With the rapid growth of data, many organizations are finding it difficult to analyze their large datasets to gain insights. As businesses rely more and more on automation algorithms, machine learning (ML) has become a necessity to stay ahead of the competition.
Amazon Redshift, a fast, fully managed, widely used cloud data warehouse, natively integrates with Amazon SageMaker for ML. With Amazon Redshift ML, you can use simple SQL statements to create and train ML models from your data in Amazon Redshift and then use these models for a variety of use cases, such as classification of a binary or multiclass outcome or predicting a numeric value through regression. Amazon SageMaker Autopilot provides all the benefits of automatic model creation, but as an advanced user, you can also influence the model training by providing different parameters such as model type, objective, and so on.
Amazon Redshift ML allows you to address several ML challenges, such as the following:
- Binary classification – Predict a true/false outcome, such as whether a customer will churn. To explore this specific use case further, see Create, train, and deploy machine learning models in Amazon Redshift using SQL with Amazon Redshift ML.
- Multiclass classification – Identify the class of an input value within a discrete number of classes. For example, you can identify which will be the best-selling product.
- Regression – Predict a numerical outcome, like the price of a house or how many people will use a city’s bike rental service.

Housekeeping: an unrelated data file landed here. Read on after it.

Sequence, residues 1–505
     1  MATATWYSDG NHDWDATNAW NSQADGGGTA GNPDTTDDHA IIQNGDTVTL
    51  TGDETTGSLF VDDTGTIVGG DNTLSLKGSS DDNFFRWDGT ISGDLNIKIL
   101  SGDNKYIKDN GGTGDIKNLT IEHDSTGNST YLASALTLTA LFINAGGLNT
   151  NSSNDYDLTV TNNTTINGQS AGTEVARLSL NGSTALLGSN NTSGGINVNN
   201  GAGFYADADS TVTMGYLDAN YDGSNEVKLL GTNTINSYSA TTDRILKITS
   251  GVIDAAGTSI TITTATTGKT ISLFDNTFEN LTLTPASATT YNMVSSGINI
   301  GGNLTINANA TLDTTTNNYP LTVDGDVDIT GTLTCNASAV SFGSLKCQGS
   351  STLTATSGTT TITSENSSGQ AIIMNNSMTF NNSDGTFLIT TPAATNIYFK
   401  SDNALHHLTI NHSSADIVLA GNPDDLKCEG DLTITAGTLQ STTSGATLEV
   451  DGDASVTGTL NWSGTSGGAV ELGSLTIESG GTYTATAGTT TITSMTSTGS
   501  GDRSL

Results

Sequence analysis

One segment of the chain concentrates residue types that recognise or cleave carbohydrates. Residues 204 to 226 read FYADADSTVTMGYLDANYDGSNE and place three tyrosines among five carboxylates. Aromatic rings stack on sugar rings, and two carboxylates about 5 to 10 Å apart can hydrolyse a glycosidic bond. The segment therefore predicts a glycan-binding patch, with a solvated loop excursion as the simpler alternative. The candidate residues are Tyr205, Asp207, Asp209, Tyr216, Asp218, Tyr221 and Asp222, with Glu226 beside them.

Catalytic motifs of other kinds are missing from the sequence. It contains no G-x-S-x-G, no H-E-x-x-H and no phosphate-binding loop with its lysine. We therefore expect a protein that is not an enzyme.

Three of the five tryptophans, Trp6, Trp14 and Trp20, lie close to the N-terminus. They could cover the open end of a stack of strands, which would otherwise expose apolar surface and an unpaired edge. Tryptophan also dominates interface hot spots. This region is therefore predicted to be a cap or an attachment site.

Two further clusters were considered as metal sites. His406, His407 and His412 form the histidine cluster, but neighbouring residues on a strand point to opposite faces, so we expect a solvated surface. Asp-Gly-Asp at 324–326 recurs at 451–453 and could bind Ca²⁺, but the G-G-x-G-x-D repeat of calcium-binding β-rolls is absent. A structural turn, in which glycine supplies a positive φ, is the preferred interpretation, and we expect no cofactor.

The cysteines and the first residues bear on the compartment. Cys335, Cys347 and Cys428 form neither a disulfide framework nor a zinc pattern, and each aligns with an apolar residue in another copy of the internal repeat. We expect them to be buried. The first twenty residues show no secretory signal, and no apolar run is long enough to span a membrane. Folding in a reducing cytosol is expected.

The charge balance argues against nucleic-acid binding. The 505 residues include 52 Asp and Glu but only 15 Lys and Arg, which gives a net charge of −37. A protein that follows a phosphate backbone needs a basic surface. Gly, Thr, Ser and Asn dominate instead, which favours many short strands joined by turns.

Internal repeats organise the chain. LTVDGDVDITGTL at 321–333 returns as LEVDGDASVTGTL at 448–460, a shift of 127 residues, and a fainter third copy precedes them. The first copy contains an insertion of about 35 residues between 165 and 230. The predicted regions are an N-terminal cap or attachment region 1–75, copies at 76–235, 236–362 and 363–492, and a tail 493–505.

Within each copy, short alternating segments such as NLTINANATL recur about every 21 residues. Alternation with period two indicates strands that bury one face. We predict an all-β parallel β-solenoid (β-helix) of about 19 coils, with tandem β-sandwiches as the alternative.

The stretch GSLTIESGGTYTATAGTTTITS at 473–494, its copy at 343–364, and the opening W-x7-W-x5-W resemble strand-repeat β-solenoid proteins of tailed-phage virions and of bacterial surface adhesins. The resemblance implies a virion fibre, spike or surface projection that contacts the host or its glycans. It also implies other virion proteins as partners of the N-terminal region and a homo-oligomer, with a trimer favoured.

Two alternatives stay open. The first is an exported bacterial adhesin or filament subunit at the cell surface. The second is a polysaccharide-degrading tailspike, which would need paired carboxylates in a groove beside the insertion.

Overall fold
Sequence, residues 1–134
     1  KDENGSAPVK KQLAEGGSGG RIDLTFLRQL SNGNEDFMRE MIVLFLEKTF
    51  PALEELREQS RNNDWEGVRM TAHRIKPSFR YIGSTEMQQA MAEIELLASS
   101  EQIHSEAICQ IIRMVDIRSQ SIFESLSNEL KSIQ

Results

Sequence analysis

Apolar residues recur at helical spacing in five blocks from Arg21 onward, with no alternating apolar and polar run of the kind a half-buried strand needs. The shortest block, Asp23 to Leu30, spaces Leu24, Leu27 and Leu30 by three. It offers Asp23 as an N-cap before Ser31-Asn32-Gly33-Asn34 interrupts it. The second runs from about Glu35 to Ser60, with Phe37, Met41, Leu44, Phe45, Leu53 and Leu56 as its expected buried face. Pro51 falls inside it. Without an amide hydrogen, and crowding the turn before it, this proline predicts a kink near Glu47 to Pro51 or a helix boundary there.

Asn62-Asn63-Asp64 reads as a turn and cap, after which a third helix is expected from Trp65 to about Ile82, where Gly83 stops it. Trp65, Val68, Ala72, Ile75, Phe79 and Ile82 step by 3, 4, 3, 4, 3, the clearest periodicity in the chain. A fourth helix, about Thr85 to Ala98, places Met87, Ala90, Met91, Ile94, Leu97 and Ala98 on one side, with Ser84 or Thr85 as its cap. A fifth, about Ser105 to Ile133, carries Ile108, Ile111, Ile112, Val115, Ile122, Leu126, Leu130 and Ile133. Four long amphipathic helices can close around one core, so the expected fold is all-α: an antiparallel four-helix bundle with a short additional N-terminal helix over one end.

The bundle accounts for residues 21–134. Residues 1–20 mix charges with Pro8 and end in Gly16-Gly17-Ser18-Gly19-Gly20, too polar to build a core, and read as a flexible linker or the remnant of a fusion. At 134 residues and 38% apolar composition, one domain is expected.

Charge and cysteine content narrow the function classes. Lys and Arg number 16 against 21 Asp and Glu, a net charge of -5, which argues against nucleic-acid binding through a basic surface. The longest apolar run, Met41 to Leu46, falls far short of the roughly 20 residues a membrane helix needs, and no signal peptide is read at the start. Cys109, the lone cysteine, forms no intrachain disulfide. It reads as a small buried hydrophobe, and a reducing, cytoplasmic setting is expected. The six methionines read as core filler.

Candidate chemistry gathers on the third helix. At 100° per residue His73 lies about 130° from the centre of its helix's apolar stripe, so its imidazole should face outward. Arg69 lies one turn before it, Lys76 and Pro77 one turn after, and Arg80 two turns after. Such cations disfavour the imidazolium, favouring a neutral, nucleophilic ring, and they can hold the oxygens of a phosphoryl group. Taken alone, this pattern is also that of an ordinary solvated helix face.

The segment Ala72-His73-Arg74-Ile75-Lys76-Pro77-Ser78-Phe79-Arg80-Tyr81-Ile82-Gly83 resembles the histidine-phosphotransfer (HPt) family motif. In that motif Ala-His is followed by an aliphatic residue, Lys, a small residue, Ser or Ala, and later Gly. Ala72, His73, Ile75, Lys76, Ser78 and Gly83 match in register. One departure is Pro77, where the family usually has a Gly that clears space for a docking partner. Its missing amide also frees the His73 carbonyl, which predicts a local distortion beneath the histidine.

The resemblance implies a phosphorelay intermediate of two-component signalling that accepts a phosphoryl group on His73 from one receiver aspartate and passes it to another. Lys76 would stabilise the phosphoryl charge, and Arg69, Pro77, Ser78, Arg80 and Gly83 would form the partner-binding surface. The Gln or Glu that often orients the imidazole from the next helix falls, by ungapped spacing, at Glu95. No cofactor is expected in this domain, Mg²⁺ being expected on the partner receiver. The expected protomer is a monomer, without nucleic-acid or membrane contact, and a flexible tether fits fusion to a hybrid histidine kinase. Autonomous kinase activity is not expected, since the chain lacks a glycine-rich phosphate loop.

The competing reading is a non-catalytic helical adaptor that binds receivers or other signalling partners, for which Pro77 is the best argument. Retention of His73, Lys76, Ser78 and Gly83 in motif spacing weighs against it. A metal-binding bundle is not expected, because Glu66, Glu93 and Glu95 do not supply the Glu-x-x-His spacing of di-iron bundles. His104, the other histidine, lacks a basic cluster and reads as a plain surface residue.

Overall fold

You can use Amazon Redshift ML to automate data preparation, pre-processing, and selection of problem type as depicted in this blog post. In this post, we assume that you have a good understanding of your data and what problem type you want to use for your use case. We demonstrate how to use Amazon Redshift ML to solve a regression problem predicting bike rental counts. We also provide some best practices for creating test data, validating your model, and using it for inference. We also show you how you can use the SageMaker console to troubleshoot the training process as an advanced user.
As a prerequisite for implementing the example in this post, you need to set up an Amazon Redshift cluster with ML enabled on it. For the preliminary steps to get started, see Create, train, and deploy machine learning models in Amazon Redshift using SQL with Amazon Redshift ML.
In this post, we use Amazon Redshift ML to build a regression model that predicts the number of people that may use the city of Toronto’s bike sharing service at any given hour of a day. The model accounts for various aspects, including holidays and weather conditions. Because we need to predict a numerical outcome, we create a regression model.
Source - Continue Reading: https://aws.amazon.com/blogs/machine-learning/build-regression-models-with-amazon-redshift-ml/